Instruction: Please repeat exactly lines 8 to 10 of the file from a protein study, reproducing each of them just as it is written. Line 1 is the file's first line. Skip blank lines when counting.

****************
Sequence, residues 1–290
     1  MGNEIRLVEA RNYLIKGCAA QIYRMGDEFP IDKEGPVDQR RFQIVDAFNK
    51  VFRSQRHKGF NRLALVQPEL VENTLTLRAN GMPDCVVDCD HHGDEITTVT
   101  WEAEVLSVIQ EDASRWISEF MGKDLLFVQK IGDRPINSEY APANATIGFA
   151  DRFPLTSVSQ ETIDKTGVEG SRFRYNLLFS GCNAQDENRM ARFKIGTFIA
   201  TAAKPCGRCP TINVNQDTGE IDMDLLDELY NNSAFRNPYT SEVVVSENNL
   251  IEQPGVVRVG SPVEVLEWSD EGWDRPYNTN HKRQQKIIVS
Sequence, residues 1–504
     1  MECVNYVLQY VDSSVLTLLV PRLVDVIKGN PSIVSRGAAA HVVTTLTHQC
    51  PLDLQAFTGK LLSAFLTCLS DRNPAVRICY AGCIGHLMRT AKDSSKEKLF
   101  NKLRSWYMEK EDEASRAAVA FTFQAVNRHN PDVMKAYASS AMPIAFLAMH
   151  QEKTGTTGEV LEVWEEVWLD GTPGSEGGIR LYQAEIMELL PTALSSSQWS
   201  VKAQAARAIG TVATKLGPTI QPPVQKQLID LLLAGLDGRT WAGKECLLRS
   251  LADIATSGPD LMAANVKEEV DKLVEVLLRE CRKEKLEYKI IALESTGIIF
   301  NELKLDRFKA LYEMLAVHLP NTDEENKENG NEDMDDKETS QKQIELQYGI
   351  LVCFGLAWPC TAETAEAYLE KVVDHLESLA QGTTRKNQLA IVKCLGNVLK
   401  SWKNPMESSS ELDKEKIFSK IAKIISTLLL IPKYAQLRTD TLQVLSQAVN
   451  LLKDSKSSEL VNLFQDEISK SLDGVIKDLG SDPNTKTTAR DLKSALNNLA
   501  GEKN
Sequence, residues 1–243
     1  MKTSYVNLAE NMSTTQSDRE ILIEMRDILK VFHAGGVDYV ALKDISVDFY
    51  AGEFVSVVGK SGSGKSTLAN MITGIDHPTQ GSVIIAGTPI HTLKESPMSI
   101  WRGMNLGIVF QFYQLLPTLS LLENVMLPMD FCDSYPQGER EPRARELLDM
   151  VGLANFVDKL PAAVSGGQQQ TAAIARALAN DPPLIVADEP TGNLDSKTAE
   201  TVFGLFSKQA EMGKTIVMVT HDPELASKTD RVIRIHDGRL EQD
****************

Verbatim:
Sequence, residues 1–504
     1  MECVNYVLQY VDSSVLTLLV PRLVDVIKGN PSIVSRGAAA HVVTTLTHQC
    51  PLDLQAFTGK LLSAFLTCLS DRNPAVRICY AGCIGHLMRT AKDSSKEKLF